SAP has been placed in the top 100 sustainable companies in the world and is placed in the top ten US tech companies. SAP continues to improve its sustainability goals with an increase in women in management positions to 21.3% and remained with a stable employee retention of 93.5% in 2014. SAP is concentrating on reducing greenhouse gas emissions to the level of 2000 figures by 2020. You can find more information on www.sapintegratedreport.com.mple is young professionals are starting to choose employers based on their sustainable practices, with 90% searching for employers with sustainable attitudes reflecting their personal behavior. Employees aren’t the only stakeholders taking an interest in your sustainable behavior: consumers are also looking at a company’s behavior towards employees, environment and social responsibility before entering into any deals.


During this course, the SAP sustainability team will provide you with the tools to articulate a sustainable strategy for your organization, to make the business case for sustainability and sell it to the right people in your company. Going forward you will learn how to embed sustainable principles into your organization and the catalytic role IT can play in driving and executing a sustainable strategy.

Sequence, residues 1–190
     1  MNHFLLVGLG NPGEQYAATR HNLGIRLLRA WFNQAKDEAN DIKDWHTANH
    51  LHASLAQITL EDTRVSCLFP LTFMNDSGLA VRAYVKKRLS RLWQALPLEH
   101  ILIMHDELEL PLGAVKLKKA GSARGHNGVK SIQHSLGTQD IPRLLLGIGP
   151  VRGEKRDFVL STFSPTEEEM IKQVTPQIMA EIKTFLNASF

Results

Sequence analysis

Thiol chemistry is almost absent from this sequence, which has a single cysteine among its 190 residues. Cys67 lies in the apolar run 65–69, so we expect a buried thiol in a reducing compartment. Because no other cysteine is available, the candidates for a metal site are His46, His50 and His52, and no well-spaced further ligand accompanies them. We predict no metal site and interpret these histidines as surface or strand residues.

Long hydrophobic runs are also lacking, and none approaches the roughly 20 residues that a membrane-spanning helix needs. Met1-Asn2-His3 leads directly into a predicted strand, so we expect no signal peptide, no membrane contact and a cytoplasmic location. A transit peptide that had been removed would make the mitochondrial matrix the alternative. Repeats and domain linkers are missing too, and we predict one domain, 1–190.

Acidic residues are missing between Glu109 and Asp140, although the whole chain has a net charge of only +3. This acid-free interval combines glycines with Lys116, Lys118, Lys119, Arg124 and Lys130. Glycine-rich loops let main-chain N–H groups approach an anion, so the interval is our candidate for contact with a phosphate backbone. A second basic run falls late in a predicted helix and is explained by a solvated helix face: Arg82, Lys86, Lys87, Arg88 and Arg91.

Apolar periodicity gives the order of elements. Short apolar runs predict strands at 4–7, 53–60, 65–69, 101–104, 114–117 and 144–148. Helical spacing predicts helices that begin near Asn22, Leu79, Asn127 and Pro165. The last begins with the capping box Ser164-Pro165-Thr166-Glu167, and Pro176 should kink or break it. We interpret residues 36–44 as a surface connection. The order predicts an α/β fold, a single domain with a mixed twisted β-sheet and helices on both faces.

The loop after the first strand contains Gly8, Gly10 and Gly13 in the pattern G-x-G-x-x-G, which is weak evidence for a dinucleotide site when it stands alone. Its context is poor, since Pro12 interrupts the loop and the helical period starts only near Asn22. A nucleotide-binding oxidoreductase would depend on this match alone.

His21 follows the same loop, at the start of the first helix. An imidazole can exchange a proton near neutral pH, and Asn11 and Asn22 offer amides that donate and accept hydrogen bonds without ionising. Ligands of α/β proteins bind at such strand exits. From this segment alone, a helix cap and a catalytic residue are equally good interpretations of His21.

The course was originally recorded by Peter Graf, the previous Chief sustainability officer who has since left SAP. You can meet Daniel Schmid, SAP’s current Chief Sustainability Officer and the rest of the sustainability team in the forum. Daniel has been a key figure in the SAP sustainability team since 2008 and has a wealth of experience to answer your questions together with the sustainability team!

The course duration is six weeks with a learning effort of approximately 4 hours per week to complete the course content and weekly assignments. It is beneficial to bring some basic business or IT knowledge to the class, but everyone is welcome to learn more about sustainability from a business perspective. Find out more at openSAP and get ready to benefit from SAP’s sustainability experience to date.

Other courses now open for enrollment on openSAP

Experience SAP Cloud for Customer

Software Development on SAP HANA (SPS 09)

Organizations involved with refugee relief from the Rhine-Neckar region came to SAP to present their work and ask for help. Many interested employees showed up to find out where and how their help is needed most.


This is a hot topic. Many people escape to Germany as refugees, and many people here want to help them. But as soon as the desire to actively help is there, all these questions pop up: Where and how is my help needed? Who do I contact to get started? This is exactly what the Heroes' Arena Special event was for. SAP Corporate Social Responsibility (CSR) invited more than ten associations and organizations involved with refugee relief to Walldorf for half a day. They are all active in the Rhine-Neckar region and need all kinds of help: Donations in kind, volunteers to teach German, or people to play soccer with the refugees, and much more.HElden_TL.jpg